Goldman Sachs and a Partnership with the Fed

It is not an accurate characterization to say that the United States is a capitalist country.  Just the same, it is not a socialist country either.  There are elements of both and certain elements are more prevalent in certain sectors.

If anything, the U.S. has more of a fascist economy, especially when it comes to such things as banking and healthcare.  In using the term fascist, it means that the means of production are not owned by the government, but are heavily controlled or regulated.  It might also be accurate to say that we have something of a crony capitalist system, where there are alliances between big business and government.

This is easily understood by looking at the banking and financial system.  For anyone who pays some attention, there should be little doubt about these alliances.

The New York Times recently ran a piece detailing how one employee of Goldman Sachs advises the same type of banks as those he regulated when he worked for the New York Fed for seven years.

Goldman Sachs and the Federal Reserve banks provide stepping stones for each other.  It is common for employees to move from one to the other.

While Goldman Sachs is supposedly a private company, there is little question that it is tightly tied to the Federal Reserve and the government.

And while the Federal Reserve system is sometimes called private, there is no question that its current existence is dependent upon the state.  The Fed is granted monopoly powers over the money we use and its chairman is nominated by the president and approved by the Senate.

Former Treasury Secretaries Robert Rubin and Henry (Hank) Paulson both worked at Goldman Sachs.  The current president of the New York Fed, William Dudley, worked for Goldman Sachs.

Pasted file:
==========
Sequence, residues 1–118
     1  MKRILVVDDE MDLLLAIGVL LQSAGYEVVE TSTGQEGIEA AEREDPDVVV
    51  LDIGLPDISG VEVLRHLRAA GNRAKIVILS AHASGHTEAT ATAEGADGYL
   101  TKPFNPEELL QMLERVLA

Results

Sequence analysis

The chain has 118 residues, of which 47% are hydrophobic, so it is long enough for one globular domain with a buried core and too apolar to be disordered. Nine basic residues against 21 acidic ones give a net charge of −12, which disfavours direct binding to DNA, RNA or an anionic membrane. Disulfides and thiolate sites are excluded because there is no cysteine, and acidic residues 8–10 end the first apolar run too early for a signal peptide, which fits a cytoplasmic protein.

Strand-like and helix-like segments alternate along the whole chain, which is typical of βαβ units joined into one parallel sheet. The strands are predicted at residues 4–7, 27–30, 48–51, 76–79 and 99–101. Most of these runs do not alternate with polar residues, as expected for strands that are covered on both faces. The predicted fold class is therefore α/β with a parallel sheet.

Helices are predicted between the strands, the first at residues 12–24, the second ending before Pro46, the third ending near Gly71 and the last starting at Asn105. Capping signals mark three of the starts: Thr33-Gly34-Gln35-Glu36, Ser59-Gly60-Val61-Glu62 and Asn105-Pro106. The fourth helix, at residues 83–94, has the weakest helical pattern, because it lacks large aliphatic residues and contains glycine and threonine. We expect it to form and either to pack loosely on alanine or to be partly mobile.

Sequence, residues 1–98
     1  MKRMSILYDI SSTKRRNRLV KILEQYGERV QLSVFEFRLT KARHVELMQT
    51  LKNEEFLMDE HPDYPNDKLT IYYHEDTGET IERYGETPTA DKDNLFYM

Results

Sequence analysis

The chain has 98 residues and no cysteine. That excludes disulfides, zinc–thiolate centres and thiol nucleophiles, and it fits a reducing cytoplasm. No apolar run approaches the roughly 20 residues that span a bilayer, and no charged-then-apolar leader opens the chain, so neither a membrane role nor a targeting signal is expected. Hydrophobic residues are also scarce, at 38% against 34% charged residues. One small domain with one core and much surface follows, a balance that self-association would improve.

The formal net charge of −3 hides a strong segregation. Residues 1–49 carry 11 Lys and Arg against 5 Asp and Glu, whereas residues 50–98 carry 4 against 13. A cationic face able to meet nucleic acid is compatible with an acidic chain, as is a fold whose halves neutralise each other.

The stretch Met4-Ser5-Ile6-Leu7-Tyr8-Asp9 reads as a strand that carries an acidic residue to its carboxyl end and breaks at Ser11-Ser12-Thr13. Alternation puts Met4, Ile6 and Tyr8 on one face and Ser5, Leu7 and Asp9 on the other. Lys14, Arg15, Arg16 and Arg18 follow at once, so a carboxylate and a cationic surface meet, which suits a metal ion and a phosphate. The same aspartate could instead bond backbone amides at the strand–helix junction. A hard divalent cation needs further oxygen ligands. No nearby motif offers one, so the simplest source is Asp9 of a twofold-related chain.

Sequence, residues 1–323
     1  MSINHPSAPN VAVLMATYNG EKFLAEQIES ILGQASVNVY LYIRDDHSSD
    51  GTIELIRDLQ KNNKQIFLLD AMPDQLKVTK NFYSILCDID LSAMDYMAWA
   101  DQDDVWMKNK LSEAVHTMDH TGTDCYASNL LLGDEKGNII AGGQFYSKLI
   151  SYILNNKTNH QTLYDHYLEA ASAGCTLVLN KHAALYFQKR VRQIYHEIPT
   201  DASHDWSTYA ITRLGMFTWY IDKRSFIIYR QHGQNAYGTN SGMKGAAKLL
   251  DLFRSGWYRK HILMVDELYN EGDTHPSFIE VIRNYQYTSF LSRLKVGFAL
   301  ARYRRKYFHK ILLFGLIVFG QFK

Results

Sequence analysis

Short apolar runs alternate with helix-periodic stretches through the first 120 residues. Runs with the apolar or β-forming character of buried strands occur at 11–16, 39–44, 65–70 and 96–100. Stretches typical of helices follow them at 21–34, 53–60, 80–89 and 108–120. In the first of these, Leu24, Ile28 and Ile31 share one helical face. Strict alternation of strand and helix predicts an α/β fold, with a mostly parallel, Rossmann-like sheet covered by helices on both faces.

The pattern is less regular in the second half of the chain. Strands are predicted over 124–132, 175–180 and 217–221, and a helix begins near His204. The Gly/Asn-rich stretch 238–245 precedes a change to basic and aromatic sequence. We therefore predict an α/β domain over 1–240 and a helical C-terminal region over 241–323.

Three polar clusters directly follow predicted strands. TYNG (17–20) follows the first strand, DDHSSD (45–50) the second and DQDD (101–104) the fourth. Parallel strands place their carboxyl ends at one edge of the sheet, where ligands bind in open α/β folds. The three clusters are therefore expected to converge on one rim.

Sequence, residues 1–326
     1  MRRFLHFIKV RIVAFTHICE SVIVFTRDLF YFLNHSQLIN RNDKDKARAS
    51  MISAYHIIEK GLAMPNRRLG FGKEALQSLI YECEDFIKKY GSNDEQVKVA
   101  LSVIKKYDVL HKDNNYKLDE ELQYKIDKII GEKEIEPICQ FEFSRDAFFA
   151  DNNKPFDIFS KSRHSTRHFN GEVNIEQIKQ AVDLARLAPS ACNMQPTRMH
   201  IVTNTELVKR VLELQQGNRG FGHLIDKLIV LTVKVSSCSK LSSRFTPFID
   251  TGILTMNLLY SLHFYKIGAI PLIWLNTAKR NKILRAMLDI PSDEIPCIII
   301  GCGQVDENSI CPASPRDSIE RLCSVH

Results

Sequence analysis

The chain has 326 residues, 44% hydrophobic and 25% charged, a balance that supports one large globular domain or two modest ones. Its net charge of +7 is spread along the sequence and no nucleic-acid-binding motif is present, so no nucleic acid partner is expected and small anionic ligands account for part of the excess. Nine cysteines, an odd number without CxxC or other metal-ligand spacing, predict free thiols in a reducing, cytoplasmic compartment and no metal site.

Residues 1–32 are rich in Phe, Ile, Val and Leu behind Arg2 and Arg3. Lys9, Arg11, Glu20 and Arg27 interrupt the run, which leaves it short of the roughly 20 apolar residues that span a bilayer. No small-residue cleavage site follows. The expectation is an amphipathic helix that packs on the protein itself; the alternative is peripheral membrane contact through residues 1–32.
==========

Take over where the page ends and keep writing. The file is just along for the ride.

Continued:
If that isn’t enough, Mario Draghi, president of the European Central Bank, worked at Goldman.  And Mark Carney, also a previous Goldman employee, was head of the Bank of Canada before taking over as head of the Bank of England.

It is almost as if Goldman Sachs is some kind of a screening committee to get in to high financial politics.

A Not-So-Secret Alliance

The New York Times article details how this former Goldman employee is receiving confidential information from former colleagues at Goldman.

This comes on the heels of a lawsuit from a former New York Fed employee, Carmen Segarra, who claims she was fired after taping conversations that suggest her supervisors were soft on Goldman Sachs , particularly when it came to regulating one deal.

Of course, both the New York Fed and Goldman Sachs officials are releasing statements that they won’t tolerate these things and that they will review their policies…blah, blah, blah.

While it is positive that the New York Times is reporting on this, it will probably only make a marginal difference.  I hate to sound like a skeptic here, but why would anybody new really care about this because of these stories?  As I stated earlier, anyone who is paying a little bit of attention can realize quickly that the Fed and Goldman Sachs are in bed with each other.

The New York Fed just happens to be the most significant of the 12 regional Federal Reserve Banks.  Its president always holds a vote on the Federal Open Market Committee (FOMC).  And again, its current president used to be the chief economist at Goldman.

It is nice to see both organizations put on the defensive a little, but I doubt anything will change based on these new revelations.  There simply is not enough interest from the voting public.  If voters do not hold their so-called representatives to task, then you sure shouldn’t expect Congress to do anything to rock the system, particularly in terms of the Federal Reserve.

Perhaps these latest stories provide a little proof of an alliance, but there really wasn’t any secret to begin with.  And even if there were no conspiracy here, it is obvious that there will be wrongdoing when there are so many former Goldman employees working at the Fed and vice versa.

If you are getting out of college and looking to work for the Fed one day to centrally plan a giant economy, then perhaps you should consider applying for an internship at Goldman Sachs.  You have to go through the screening committee first.